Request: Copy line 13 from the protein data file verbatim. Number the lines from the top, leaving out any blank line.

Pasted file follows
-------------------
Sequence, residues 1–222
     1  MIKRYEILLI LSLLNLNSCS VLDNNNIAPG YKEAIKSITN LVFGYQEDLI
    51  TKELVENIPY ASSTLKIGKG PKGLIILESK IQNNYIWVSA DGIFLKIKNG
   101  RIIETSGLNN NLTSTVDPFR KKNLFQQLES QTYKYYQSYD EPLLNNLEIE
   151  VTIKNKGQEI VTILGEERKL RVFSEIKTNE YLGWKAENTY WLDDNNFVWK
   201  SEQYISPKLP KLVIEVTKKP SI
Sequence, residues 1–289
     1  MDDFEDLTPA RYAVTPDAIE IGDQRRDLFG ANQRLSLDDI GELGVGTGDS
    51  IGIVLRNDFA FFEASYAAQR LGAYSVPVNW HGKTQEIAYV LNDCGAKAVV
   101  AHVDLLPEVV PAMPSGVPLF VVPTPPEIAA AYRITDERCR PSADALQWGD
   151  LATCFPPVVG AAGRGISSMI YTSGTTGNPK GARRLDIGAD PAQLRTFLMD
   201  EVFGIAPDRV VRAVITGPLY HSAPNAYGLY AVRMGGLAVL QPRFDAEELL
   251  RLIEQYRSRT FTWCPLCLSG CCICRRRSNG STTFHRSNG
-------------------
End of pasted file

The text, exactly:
   251  RLIEQYRSRT FTWCPLCLSG CCICRRRSNG STTFHRSNG